Saint Mary’s Wilderness

After considerable research by Madelyn and I conducted on some very hot June evenings, we decided to pick a route that featured a swimming hole, and Saint Mary’s looked pretty neat. I love this area along the blue ridge parkway and this was a wilderness we wanted to explore!

The group met on the Blue Ridge Parkway, and after some gear and car shuffling, we started down Mine Bank Creek trail a bit before 1PM. The threat of rain loomed unconvincingly and the temperature was much more favorable than expected. As we descended from the parking lot, past laurel and rhododendron blooms, Bailey kicked off the conversation with a geological history of the area. I knew that the Appalachian mountain range was formed a super long time ago, but did you know that there was another range that came and went in its place even longer ago? (#deeptimecommunity #grenvilleorogeny)

We decided to set up our tents to lighten the load before our out-and-back to the falls. We passed several lovely stealth sites and a few good swimming holes before reaching our destination, where settled in quite readily. Madelyn pulled out her inflatable tube and offered the beers we’d packed, then we took turns exploring the upper falls and chatting on the rocks. The water might have been more enticing on a hotter day, but that didn’t stop Madelyn from floating around in style!

We parted ways with Sean, who had to get home to dog sit, and returned to our campsite. After much effort, the kindness of a couple of strangers who donated their firestarter, and a bit of a miracle, we got a decent fire going from the wet wood. We ate and chatted around the fire until well past hiker midnight.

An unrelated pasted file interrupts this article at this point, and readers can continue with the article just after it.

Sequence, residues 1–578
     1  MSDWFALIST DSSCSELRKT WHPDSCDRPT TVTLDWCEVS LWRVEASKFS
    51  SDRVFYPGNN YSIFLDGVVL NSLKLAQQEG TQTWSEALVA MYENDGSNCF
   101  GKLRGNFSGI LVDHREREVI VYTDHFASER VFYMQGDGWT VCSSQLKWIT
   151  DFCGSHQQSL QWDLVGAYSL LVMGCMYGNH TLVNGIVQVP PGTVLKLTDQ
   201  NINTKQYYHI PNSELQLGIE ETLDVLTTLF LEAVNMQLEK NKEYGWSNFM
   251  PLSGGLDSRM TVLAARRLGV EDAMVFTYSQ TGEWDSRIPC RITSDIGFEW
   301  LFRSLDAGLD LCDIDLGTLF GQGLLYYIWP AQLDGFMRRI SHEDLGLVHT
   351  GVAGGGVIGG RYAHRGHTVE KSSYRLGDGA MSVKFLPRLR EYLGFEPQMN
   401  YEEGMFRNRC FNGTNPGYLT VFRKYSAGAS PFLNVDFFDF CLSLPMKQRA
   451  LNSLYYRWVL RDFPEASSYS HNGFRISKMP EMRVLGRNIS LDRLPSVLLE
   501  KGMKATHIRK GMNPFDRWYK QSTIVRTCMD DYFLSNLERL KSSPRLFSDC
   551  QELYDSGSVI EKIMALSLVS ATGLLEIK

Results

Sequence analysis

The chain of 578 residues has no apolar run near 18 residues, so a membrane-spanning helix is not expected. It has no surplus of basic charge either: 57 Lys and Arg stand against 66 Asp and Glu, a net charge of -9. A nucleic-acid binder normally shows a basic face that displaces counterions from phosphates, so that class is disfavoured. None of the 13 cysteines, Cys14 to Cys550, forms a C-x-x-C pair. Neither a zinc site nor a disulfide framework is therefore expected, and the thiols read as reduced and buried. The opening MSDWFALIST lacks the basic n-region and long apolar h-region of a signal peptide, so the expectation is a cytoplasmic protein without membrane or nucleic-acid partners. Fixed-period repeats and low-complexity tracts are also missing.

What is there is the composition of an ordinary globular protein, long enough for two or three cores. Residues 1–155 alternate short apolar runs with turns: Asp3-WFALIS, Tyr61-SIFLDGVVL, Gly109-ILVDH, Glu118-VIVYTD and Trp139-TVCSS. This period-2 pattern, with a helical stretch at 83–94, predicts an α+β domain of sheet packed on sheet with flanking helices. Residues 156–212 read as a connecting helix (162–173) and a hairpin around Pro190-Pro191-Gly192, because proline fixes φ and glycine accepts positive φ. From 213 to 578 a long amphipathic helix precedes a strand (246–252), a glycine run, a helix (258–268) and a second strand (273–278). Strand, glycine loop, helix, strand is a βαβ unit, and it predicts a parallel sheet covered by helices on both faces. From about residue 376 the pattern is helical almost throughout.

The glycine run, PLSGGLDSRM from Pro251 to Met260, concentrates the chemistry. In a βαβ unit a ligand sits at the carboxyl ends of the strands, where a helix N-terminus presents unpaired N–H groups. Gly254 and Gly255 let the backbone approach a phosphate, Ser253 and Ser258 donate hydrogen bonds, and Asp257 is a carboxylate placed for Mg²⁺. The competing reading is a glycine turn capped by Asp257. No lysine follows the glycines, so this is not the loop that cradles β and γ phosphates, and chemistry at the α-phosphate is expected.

Sleep was achieved in varying degrees. Madelyn’s hammock test didn’t go as well as hoped, and a whippoorwill that was either very territorial or very horny kept a few up. We set out around 8AM on Sunday, embarking on the most significant elevation gain of the weekend. The trail was significantly overgrown with laurel in places, here. After a bit of re-routing – the turnoff to the forest road on my caltopo is deprecated and overgrown so we followed the hiking upwards route around Green Pond – we emerged onto a foggy forest road. The road had some large puddles to circumnavigate, in one case past a copperhead (our second sighting during the trip), and offered a vista along the way. 

Photo cred: Lisa

We took a quick break at the largest fire ring I’ve ever seen, where Lisa and Ashraf caught us up on the power of the wild horse lobby. Then we hopped off the forest road and onto Slacks Trail. Despite the knee-pain-inducing, seemingly-never-ending miles of downhill, I think this was my favorite section. You could sneak views of the forest above the thinned out vegetation along the entire ridge walk, and did I mention that the laurel and rhododendron were in bloom?

Photo cred: Lisa

Towards the end, Ashraf had pointed out that we had done at least more than one bonus mile. I guess between the re-route, blue-blazing, and the little turns not captured by my caltopo, we had done closer to 21 miles all in all. 

On our way to Shenandoah pizza in Staunton, after much gratitude paid to the weather gods of luck and fortune, the trip took a turn. We ran from our cars through a torrential downpour to the pizzeria, where some fresh towels and a finger-pickin duo in the corner set a great ambiance. Hungry, cold, and wet, the waitress came over to inform us that their kitchen was flooding and they were closing down. Politely as we could manage, we asked to eat everything they had left. Ashraf bolted out the minute he signed the check while the DC carpool ended up at Dairy Queen. Moral of the story: never leave the woods. 

Overall, we really enjoyed this hike! The trail was quite secluded outside of the falls itself, no one noticed any ticks, and everyone did great! Another DCUL success.

Photo cred: Lisa

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